Chime Lama

Chime Lama was interviewed over email in May 2024 by Madeline Gilmore.

— I thought we could start with your poem "Classic Letter," which opens this issue of Volume and also opens your debut poetry collection, Sphinxlike. In the book, after an announcement to the owner of a parked golden 1963 PeelP50, the colophon page, and a table of contents that twists and turns with lines and titles like an amped-up game of connect the dots, "Classic Letter" appears to float weightless on the page. I love the sense of calm and mystery that emanates from it. Can you talk a bit about this poem? What does this letter 'represent?'

"Classic Letter" was the catalyst for this entire collection. I created it, quite curiously, years before I began writing poetry and something about it stuck with me. I would look at it and think, “Yes. I like that. I want to do that (whatever that is).” It was my first Tibetan-English concrete poem that would serve as my north star as I continued to engage with poetry more seriously.

The poem “Classic Letter” has no letters and is composed of punctuation. It contains the English semicolon that expresses a serious pause, but not an end, the English parenthesis that is used to enclose a secret or minor message, and the Tibetan ang khang[1] or “word house” that functions as brackets to highlight or feature whatever they contain.

These symbols are silent expressions not existing in the other’s language. They are used as tools to help the reader better understand the message that is being relayed by words. Contrary to this usage, in this poem, we see the semicolon, parentheses, and ang khang in the forefront as the central and only components of the poem.

One might ask, “How does one read this poem? Whatever does it mean?

I, for one, find this refreshing. However, I’m aware that it may also be found perplexing. To witness language attempting to relay a meaning without a message presents us with a puzzle. It’s my hope that this puzzle beckons us to play.

The call-to-play is a repeating refrain within this collection: it asks of the reader to become a co-creator of the meaning they wish to receive. To bravely move from a passive to active agent. I liken this to hearing one’s childhood neighbor tapping at their window—will they answer the call?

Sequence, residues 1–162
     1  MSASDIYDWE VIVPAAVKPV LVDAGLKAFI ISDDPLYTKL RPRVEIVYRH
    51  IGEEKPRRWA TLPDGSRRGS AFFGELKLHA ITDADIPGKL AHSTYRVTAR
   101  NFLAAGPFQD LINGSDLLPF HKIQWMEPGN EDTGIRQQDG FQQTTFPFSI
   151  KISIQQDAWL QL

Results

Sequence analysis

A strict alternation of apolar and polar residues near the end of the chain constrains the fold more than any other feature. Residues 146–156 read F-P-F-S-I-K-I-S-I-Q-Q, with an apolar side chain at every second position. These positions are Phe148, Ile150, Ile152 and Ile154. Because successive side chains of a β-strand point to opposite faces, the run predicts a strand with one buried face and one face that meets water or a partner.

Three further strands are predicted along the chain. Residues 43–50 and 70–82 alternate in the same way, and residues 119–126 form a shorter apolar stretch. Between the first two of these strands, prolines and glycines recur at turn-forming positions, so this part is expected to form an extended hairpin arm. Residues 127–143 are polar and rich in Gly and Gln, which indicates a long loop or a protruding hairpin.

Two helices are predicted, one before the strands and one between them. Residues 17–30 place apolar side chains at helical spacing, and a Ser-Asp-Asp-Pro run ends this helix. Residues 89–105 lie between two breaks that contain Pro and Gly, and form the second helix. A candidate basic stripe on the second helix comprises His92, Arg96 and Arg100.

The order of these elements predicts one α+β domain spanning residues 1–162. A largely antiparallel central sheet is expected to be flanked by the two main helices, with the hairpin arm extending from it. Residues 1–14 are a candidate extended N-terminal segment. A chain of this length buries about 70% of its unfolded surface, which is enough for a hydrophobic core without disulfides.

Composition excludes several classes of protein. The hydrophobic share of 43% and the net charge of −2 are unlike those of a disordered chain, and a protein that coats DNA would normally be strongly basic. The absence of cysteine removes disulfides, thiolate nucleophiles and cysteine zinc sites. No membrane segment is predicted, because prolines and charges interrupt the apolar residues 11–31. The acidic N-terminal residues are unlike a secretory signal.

As the creator, I hesitate to propose what “Classic Letter” might represent. However, when Dr. Shelly Bhoil presented on this poem at the international conference Charting the Uncharted World of Tibetan Women Writers Today (Paris, 2023), she noted how this bilingual poem puts two cultures and languages into conversation, which is also something forced upon Tibetans by exile and living in diaspora.

Dr. Bhoil elucidates upon the significance of the semicolon, mapping how it has

“…morphed from a simple punctuation mark to become an important signifier of survival in recent years. As mentioned on the website of Project Semicolon, a nonprofit movement founded in 2013 by Amy Bleuel to honor her father, who took his own life, and to give voice to her own fight with mental illness: ‘A semicolon is used when an author could’ve chosen to end their sentence but chose not to. The author is you, and the sentence is your life.’ Chime Lama’s concrete poem ‘Classic Letter’ could be carrying a message of affirmation and solidarity with Tibetans living between cultures and uncertainties and who have dealt with suicide, depression, and other mental health issues. It would urge readers, including Tibetan readers, to pause and embrace the symbol as a reminder that their story is not yet over, their story must be told.”[2]

I greatly appreciate this interpretation. That being said, I maintain that the reader is free to interpret the poem anyway she likes.

— One of the great joys of your collection is the happy surprise of different styles co-existing: There are poems composed on the typewriter, poems that radiate into different shapes, poems that are folded, poems that are collages, and much more. How do you think about form when you're writing? Does the subject matter inform the shape, or vice versa?

I think that each poem has its optimum form. It may take some time for me to intuit what that is, and it may require a fair amount of tinkering: turning, curving, moving, sizing, etc. However, when I’ve got it, I feel that I’ve nailed it, or something close to nailing it.

Yes, I believe that the subject matter does inform the shape. The emotion drives the movement of the words and is reflected in scale. Something that feels massive would naturally assume a massive form. Something that feels dismal may spiral heedlessly.

Once I have an idea of a poem and perhaps a rough draft (typed or drawn), I decide on how to create it: using computer software, a typewriter, a scanner or otherwise. I think each of these mediums has its own flavor, its own personality, and it’s my job to determine which medium suits which poem.